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Tax Changes for 2014-15

Written by Jon Cooper

The Chancellor of the Exchequer has announced that the Autumn Statement will be on 5th December.

Over recent years, the Autumn Statement has become an important update of Government finances and policies in the UK and provides a precursor to the Budget, which is normally delivered in March.

In the last week, George Osborne is reported to have said there was “no pot of money for tax sweeteners” in his upcoming statement leading to a flurry of speculation on areas that could face cutbacks with both ISAs and Entrepreneurs’ Relief being seen as potential targets.

We will be issuing a News Alert on reflecting the key announcements in the Autumn Statement that affect individuals and businesses.

However, in this Newsletter, we are looking at policies announced in the 2013 Budget that have will have an impact from the beginning of the 2014-15 tax year on 6th April 2014.

The Personal Allowance is set to increase to £10,000 (£9,440 in 2013-14) whilst the Basic Rate Limit will reduce to £31,865 (32,010 in 2013-14).  Overall, for a Director/owner earning a salary of £15,000 per annum and without any other source of income, this means that the total amount of tax-free Dividends that can be declared will increase to £24,178.50 from £23,805.00 in the current year.

The policy that will have the biggest impact on small businesses is the National Insurance Employment Allowance of £2,000 per year that is due to come into effect from April 2014.

Whilst the precise mechanism of how this allowance will be claimed is yet to be announced other than “as part of the normal payroll process through Real Time Information (RTI)”, the policy has moved a step closer to becoming law with the First Reading of the Bill passed on 14 October 2013.

It is important to bear in mind that this allowance is against Employer’s National Insurance contributions and does not affect the amount of National Insurance deductions from employees’ pay.

The exemption threshold for Employer provided Beneficial Loans will increase from the current threshold of £5,000 to £10,000 from the 2014-15 tax year.

As long as the total outstanding balance on all such loans to an individual does not exceed £10,000 at any time in a tax year, there is no taxable benefit nor tax charge.

However, the corporate rules regarding the mechanism of using Director’s Loans as a way to effectively extract funds from a company are being tightened.

Under the existing rules, if a Director has a loan at the end of a company’s financial year, so long as that loan is “repaid” within nine months of this date there is no company tax liability.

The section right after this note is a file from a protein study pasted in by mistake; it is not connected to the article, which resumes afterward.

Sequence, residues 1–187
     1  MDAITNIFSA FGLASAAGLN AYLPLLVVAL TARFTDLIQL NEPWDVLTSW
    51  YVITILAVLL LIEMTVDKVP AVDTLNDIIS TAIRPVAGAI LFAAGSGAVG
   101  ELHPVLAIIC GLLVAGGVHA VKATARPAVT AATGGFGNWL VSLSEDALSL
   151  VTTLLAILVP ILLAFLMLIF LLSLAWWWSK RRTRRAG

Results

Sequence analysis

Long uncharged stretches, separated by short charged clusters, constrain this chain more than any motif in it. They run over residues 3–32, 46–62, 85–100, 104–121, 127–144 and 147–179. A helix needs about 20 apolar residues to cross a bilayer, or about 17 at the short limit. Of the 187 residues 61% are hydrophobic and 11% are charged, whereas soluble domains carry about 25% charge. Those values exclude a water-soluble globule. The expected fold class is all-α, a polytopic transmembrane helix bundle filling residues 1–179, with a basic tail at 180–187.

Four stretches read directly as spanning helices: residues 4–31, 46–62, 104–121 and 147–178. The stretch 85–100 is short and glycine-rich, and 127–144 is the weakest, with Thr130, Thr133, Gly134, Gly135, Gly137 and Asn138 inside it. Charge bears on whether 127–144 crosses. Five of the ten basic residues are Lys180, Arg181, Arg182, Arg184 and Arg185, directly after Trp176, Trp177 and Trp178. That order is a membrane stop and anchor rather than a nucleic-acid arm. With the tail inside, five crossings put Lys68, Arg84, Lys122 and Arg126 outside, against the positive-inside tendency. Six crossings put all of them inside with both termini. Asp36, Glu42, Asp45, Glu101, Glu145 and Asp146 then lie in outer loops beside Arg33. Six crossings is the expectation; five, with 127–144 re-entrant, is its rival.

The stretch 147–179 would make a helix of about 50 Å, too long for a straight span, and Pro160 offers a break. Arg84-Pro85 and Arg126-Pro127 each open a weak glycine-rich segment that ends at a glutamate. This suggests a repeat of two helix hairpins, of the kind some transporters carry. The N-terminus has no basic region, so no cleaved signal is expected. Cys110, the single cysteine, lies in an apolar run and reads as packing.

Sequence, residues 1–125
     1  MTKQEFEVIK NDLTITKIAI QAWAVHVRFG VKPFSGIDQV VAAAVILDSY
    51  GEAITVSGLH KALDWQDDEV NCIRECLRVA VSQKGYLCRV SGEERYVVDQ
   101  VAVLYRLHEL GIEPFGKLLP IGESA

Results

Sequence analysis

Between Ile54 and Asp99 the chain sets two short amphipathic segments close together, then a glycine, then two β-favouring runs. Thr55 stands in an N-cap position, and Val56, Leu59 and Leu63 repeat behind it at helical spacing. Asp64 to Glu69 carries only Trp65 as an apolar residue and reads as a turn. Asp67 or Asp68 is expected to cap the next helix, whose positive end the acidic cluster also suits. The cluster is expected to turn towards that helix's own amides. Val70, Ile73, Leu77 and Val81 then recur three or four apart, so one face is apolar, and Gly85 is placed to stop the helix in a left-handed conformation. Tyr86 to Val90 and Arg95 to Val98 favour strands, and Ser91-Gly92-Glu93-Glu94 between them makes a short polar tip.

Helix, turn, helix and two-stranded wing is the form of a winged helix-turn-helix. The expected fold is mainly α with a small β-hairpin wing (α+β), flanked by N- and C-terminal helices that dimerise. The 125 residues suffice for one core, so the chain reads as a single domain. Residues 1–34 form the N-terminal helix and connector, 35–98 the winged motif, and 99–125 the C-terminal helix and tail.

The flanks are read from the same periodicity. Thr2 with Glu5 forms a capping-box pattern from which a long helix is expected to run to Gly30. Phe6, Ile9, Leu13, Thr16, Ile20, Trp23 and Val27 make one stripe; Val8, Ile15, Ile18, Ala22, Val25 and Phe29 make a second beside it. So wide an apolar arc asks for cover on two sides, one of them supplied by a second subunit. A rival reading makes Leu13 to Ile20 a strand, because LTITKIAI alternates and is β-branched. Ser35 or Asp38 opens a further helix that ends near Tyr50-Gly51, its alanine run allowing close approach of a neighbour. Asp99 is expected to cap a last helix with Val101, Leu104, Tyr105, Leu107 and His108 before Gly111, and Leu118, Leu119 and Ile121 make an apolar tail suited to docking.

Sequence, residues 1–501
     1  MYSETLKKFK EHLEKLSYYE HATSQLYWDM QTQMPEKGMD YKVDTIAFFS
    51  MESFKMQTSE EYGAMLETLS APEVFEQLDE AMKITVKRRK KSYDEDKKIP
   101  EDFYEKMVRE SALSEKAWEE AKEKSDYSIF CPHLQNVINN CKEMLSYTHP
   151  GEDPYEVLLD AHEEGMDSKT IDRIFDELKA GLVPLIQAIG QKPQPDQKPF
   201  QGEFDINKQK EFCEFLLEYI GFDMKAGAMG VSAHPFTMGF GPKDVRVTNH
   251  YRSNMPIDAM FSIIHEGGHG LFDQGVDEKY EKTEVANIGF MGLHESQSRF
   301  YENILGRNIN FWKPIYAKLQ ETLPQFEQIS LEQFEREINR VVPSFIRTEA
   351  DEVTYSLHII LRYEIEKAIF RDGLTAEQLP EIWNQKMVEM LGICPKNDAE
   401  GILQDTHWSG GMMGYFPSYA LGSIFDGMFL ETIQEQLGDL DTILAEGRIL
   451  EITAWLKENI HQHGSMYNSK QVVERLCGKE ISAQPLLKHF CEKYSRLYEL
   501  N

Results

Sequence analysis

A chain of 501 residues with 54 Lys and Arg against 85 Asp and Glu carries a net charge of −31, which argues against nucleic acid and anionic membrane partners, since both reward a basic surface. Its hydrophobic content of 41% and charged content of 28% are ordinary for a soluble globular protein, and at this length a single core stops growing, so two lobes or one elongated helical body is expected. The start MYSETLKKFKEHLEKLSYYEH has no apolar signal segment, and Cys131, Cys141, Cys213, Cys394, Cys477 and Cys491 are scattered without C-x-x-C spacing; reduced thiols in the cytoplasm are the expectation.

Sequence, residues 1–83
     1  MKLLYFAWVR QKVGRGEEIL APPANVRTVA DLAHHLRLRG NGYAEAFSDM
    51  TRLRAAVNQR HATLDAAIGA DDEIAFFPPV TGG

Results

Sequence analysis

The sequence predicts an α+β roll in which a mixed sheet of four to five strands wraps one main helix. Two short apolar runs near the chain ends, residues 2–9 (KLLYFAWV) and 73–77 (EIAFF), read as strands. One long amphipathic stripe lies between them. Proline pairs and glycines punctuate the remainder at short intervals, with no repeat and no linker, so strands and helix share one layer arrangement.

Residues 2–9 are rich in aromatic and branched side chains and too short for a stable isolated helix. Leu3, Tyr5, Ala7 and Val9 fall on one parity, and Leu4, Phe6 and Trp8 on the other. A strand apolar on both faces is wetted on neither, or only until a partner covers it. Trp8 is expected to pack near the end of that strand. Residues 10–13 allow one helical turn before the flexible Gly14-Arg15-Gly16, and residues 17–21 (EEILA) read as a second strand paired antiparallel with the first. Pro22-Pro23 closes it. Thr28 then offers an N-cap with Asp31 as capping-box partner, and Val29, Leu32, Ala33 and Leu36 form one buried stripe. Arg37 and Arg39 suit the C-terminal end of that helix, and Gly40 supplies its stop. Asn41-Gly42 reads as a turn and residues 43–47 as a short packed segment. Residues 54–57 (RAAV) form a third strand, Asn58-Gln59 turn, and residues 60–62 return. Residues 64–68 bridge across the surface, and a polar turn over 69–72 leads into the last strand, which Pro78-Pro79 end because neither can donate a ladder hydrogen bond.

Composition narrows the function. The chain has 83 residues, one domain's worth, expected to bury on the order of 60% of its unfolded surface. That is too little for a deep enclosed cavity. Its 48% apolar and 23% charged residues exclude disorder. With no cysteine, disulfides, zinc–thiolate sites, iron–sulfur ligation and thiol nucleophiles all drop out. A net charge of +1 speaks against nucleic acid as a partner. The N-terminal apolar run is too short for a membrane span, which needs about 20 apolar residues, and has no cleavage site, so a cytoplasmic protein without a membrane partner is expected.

If the loan runs beyond this nine month period, a “notional tax” of 25% of the outstanding amount of the loan is payable to HMRC. This notional tax is repaid once the loan has been repaid.

The Government has announced three changes to tackle perceived avoidance of this tax charge:

• the use of an intermediary such as a trust or partnership to receive the loan on behalf of the Director will be within the scope of the charge.

• the transfer of value other than monetary loans will be brought within the scope of the charge where the Director receives a corresponding value.

• the definition of repayment will be reinforced so relief is only given for ‘genuine’ repayments and not, for example, where loans are repaid within the time limit only then to be re-granted shortly afterwards.

However, the HMRC is campaigning for further changes with the options of increasing the notional tax charge to 40% of the outstanding balance or replacing the notional tax by a non-refundable annual charge on loans owing at the company’s year-end both mooted in a recently completed consultation.

Any resulting proposal from this consultation will be outlined in our Newsletter as soon as we are notified.

Another significant change from the 2014-15 tax year revolves around Pension Tax Relief.  This is the annual allowance of pension savings qualifying for tax relief an individual can make and this amount is coming down from £50,000 to £40,000.

In addition, the lifetime allowance, which sets a limit on the amount of tax-relieved pension savings an individual can build up over their lifetime, is reducing from £1.5m to £1.25m.

The impact of these changes should be discussed with your pension advisor before April 2014.

Finally, a new scheme to support Childcare Costs remains scheduled to be phased in from the autumn of 2015 as the current systems of Employer Supported Childcare are phased out with the consultation process on this scheduled to begin shortly.

The overall concept is that for childcare costs of up to £6,000 per year per child support of 20% will be available worth up to £1,200. From the first year of operation, all children under five will be eligible and the scheme will build up over time to include children under twelve.

The scheme will be open to all families with individual incomes of less than £150,000 and, therefore, not subject to the child benefit limits where if the highest earner in a family earns over £60,000, no child benefit is payable.

On the subject of Child Benefit, please be aware that if your family receives child benefit in the UK and the income of the highest earner is over £50,000, it is now mandatory to submit an annual Self-Assessment Tax return.

Our next newsletter is scheduled to be published on 28th October and will be focusing on the upcoming second phase of the Help to Buy scheme.

In the meantime, if you would like any further information or have any questions or comments, please do not hesitate to contact us.

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